That’s it for part 1. I will cover more in part 2 of this series.

See you in the next article. Until then – Happy Learning!

Note: This article was first published by me on C# Corner website on May 09 2017 here.

Header image courtesy: Microsoft

Introduction To MS Graph Explorer

In this article, I will explain what is MS Graph Explorer and how can a developer use it.

Note: Microsoft has launched a new version of MS Graph Explorer some time after this article was published. For newer version of my article on the new MS Graph Explorer, please visit here.

In this article, I will explain you what is MS Graph Explorer and what you can do with it.

First, let’s start with a quick introduction of MS Graph.

What is MS Graph?

The official MS documentation defines MS Graph as,

“Microsoft Graph exposes multiple APIs from Office 365 and other Microsoft cloud services through a single endpoint, https://graph.microsoft.com. Microsoft Graph simplifies queries that would otherwise be more complex.”

So, in a nutshell, MS Graph gives you a single REST API endpoint which you can call to interact with “almost anything” in Office365. It delegates calls to different Office 365 cloud services via one single endpoint.

Now, let’s learn about MS Graph Explorer.

What MS Graph Explorer is

MS Graph Explorer is a fantastic tool if you want to work with MS Graph APIs or if you are learning to develop with Graph APIs. Consider it as a developer sandbox or a playground where a developer can have firsthand experience of MS Graph APIs.

What you need to work with MS Graph Explorer

MS Graph Explorer provides you default login – a demo tenant with which you can fire some GET calls using MS Graph APIs. But, if you want to explore more and want to also fire POST, PATCH and DELETE calls to MS Graph API, then you will need an Office365 account.

Warning

A word of caution here; never play with your live Office365 data or work account here with MS Graph APIs. You may accidentally update or delete some important information. It is advisable to use a test/demo account.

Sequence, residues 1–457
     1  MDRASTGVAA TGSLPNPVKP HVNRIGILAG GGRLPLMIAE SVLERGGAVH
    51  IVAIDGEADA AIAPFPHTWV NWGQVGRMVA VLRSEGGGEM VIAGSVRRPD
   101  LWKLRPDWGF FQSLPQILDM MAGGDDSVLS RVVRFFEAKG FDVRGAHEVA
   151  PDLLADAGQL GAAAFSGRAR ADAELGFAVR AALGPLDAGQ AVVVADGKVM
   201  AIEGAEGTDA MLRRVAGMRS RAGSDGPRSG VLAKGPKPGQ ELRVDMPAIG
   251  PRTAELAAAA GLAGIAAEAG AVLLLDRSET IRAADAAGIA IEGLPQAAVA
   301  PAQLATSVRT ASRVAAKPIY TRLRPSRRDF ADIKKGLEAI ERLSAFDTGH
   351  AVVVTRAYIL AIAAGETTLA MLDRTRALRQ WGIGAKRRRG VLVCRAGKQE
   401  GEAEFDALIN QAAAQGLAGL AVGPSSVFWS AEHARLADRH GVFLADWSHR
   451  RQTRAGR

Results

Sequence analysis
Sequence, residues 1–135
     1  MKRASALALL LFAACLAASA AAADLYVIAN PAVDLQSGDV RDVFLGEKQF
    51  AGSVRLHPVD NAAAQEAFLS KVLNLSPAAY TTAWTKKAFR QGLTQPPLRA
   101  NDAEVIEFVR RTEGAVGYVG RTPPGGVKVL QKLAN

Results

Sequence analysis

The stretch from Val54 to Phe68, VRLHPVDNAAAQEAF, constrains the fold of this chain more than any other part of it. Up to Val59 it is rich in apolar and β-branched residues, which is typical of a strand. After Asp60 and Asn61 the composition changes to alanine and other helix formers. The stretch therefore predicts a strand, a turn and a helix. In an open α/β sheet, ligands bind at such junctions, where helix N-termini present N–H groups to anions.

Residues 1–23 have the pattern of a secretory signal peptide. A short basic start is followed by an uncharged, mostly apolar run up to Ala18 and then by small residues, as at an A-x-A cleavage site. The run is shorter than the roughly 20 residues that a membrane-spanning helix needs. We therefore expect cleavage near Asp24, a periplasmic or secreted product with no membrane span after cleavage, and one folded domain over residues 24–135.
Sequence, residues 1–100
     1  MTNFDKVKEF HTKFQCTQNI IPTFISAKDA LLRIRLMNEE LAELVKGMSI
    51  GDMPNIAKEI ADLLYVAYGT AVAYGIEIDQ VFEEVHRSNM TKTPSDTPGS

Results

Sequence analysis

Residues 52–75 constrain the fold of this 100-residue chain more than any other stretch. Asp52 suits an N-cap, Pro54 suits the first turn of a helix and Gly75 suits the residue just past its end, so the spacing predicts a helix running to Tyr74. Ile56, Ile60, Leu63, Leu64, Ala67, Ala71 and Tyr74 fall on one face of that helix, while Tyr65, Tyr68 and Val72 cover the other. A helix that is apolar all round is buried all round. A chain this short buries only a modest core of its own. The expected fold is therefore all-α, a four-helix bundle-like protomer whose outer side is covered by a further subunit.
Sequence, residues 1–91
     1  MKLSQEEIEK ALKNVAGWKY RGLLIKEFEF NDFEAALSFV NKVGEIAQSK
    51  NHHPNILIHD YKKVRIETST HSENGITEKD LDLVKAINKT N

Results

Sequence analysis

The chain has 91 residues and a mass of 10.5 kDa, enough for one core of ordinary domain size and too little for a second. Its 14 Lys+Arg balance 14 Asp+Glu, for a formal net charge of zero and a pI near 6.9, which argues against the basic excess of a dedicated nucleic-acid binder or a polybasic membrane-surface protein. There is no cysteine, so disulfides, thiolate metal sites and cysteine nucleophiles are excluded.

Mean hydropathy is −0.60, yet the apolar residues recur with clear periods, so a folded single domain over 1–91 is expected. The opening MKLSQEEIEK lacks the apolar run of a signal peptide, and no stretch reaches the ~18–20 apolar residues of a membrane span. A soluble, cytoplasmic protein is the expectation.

If you join the MS Office 365 developer program here, Microsoft will give you one year free Office 365 developer subscription for non-commercial use with 5 users. You can read more about it in my related article “Office 365 developer program”.

What you can do with MS Graph Explorer

A lot!

MS Graph Explorer gives you a test client to access whatever you can access with MS Graph REST APIs. Using MS Graph Explorer, you can,

  • Access/Modify data from Office 365 and other cloud services like SharePoint online, OneDrive, etc.
  • Navigate different Office 365 entities and traverse the relationships among them
  • Get intelligence and insights from the Microsoft cloud (limited to commercial users only)

In short, MS Graph Explorer is a one stop shop for everything you want to play with, in Graph APIs.

Why you should use MS Graph Explorer

MS Graph Explorer is a great tool to test how MS Graph APIs work. A developer can use MS Graph Explorer to:

  • Test Graph API calling logic beforehand dealing with any endpoint.
  • See what data Graph API gives you back.
  • See how the POST, PATCH and DELETE calls work.
  • See how an entity in Office 365 can be accessed, using which relationship path.

The first look of MS Graph Explorer

MS Graph

The screenshot of MS Graph Explorer with some annotations above is mostly self-explanatory. API version and Request type selections are covered in below sections. I would like to cover some parts which were not mentioned above.

The “History” button

MS Graph

It maintains the history of the API calls you made to the Graph API, and clicking on the history, you can easily go back to that call. Remember, as you make the Graph API calls, the browser URL does not change, so to get back to any of your previous calls, you need to click this button.

When you click on the “History” button, you will see a section as shown below. You can click on any URL request and it will be re-played.

MS Graph

“Request Header” and “Request Body” section

Along with the API endpoint and passing parameters in query string, sometimes you will also need to pass more data to the Graph API.

The HTTP request headers can be specified in the “Request Header” area. Once you click on the “REQUEST HEADER” link, a text area will appear below it,

MS Graph

Similarly, the HTTP Request body can be specified in the area which appears once you click on the “REQUEST BODY” link as shown below. But remember you need to be logged in to enable the link, if you are using demo tenant then the link will be disabled,
MS Graph